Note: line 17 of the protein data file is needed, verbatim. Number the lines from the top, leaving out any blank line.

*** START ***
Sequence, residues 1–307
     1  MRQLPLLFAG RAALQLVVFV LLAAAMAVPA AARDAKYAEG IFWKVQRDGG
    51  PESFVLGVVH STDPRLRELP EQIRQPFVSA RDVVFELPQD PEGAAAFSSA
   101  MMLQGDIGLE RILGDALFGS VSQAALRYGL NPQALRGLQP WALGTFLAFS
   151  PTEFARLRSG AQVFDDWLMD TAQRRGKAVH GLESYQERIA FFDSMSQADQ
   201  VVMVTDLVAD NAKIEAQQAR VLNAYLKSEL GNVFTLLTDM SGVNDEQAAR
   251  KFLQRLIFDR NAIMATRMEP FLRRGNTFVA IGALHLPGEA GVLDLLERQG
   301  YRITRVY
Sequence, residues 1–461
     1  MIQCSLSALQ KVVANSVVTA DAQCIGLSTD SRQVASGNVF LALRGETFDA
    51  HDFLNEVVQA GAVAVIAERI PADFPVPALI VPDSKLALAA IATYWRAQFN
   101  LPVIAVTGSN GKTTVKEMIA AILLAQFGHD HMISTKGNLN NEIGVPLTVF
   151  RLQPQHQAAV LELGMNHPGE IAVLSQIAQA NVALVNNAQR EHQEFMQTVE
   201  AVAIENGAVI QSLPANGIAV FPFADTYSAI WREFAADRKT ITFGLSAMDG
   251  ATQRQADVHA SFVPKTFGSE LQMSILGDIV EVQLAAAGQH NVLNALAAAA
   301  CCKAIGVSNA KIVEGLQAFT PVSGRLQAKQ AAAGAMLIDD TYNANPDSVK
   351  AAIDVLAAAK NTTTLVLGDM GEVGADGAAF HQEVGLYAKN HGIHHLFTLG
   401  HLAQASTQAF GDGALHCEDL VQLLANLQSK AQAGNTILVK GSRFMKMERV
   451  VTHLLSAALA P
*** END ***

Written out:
   351  AAIDVLAAAK NTTTLVLGDM GEVGADGAAF HQEVGLYAKN HGIHHLFTLG